Misogyny is, unfortunately, still very much a part of our culture and pervades every industry, including medicine.
Yes, even highly-esteemed doctors and research publications make the mistake of judging women’s bodies. The Journal Of Vascular Surgery did just that when it published a piece on the behavior of younger vascular surgeons entitled “Prevalence Of Unprofessional Social Media Content Among Young Vascular Surgeons.” In the piece, it was women who were mostly called out.
In case you wanna know what’s happening in doctor twitter today: a “scientific” publication just announced that holding alcoholic drinks and wearing bikinis are unprofessional behaviors for a doctor.
What till they hear that med schools started letting women wear pants! pic.twitter.com/waoKfWW4qE
— Monica Maalouf, MD (@MaaloufMD) July 24, 2020
Doctors were scolded for “provocative posing in bikinis/swimwear” and “holding/consuming alcohol” on social media.
The Internet spoke—the hashtag #medbikini soon began to trend, as women in medicine posted pictures of themselves in swimwear to show that what they do in their off-hours has no bearing on their skills in medicine.
— Kesia (@KesiaNguyen) July 25, 2020
Some older doctors in the industry also let their voices be heard.
— Trisha Greenhalgh 😷 #BlackLivesMatter (@trishgreenhalgh) July 24, 2020
Surgeons chimed in, too.
— Dr. Daisy Sanchez (@ladaisysanchez) July 25, 2020
Other professionals in the industry pointed out that the study was flawed at best and, at worst, had some serious ethical issues. For one thing, it’s been alleged that three doctors who conducted it used fake social media accounts to get the desired results. They are also all men in their mid-30s, and their implicit bias is evident.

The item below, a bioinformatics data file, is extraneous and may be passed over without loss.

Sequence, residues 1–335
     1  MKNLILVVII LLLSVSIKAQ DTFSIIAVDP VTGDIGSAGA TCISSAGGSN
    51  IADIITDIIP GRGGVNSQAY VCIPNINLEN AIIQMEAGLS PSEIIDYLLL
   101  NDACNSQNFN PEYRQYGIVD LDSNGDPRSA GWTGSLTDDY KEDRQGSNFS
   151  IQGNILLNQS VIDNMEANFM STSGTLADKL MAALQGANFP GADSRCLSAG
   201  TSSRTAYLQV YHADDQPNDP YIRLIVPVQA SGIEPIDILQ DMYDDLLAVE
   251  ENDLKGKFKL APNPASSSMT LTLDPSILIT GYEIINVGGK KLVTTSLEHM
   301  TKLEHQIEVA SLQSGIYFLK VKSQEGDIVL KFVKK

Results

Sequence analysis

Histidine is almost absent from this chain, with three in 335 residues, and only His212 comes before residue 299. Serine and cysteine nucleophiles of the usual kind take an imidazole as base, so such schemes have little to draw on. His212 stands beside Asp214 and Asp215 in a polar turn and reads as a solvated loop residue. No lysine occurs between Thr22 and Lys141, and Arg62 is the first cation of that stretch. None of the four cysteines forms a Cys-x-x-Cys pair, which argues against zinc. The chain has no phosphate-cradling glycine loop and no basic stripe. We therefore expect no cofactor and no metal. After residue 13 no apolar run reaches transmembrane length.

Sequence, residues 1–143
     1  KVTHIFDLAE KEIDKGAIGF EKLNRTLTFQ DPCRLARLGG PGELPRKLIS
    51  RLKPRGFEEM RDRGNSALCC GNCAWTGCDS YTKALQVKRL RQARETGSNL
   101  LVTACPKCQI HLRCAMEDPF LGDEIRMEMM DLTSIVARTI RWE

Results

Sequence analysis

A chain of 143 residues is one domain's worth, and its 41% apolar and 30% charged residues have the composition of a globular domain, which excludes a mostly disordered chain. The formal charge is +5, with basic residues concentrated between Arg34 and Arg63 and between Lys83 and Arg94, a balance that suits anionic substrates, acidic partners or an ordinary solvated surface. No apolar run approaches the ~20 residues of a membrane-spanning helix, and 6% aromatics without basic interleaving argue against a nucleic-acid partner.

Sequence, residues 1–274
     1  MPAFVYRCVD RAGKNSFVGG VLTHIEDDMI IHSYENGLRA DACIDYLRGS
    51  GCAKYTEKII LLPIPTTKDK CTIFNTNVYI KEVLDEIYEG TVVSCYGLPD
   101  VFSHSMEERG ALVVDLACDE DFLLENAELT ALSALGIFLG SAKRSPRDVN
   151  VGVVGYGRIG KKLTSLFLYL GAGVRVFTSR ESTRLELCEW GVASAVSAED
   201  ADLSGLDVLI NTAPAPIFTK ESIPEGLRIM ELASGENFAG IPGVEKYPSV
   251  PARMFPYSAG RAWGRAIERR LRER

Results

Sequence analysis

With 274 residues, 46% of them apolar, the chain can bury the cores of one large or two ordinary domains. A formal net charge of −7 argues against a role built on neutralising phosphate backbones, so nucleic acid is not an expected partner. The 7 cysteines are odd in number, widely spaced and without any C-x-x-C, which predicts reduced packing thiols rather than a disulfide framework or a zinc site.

So this study was published shaming physicians for being “unprofessional” by wearing bikinis or holding a beer in a photo? And the study was conducted by 3 men who created fake social media accounts to spy on applicants?
— Nicolas Leighton (@NickLeighton12) July 24, 2020
Some patients also felt it was a bit stalkerish.
1 I concur & I’m a patient
2 Researchers sound CREEPY & CRAZY in this study. Very intrusive and sketchy. I’m not sure I want ’em as my docs
3 I’ll keep my smart & kind docs, who want to wear speedos/bikinis in their personal time
PS. How is the study even legal to do???
— Pam (@Pam25708340) July 25, 2020
Others pointed out the obvious misogyny.
Misogyny is medieval. Do I have to wear my white coat at all times to deserve the title of "professional"?
Fun, sexy, smart & hard-working can exist in the same space. I can wear swimwear to the beach in my free time & be a competent & compassionate physician at work. #medbikini pic.twitter.com/bWC4tSEVTR
— Vera Bajarias, MD (@invinovera) July 24, 2020
The outcry continued, and eventually, The Journal Of Vascular Surgery did the right thing, retracted the study, and apologized. However, the study did do some good by shining a spotlight on what is no longer acceptable in modern society.
Editor’s Statement Regarding “Prevalence of unprofessional society media content among young vascular surgeons” pic.twitter.com/JAoFgcRtPx
— J Vascular Surgery (@JVascSurg) July 25, 2020
Have you experienced misogyny in your workplace?
Yeah you have.
Because haven’t we all at one point or another?
Yeah you have.
Let us know in the comments below!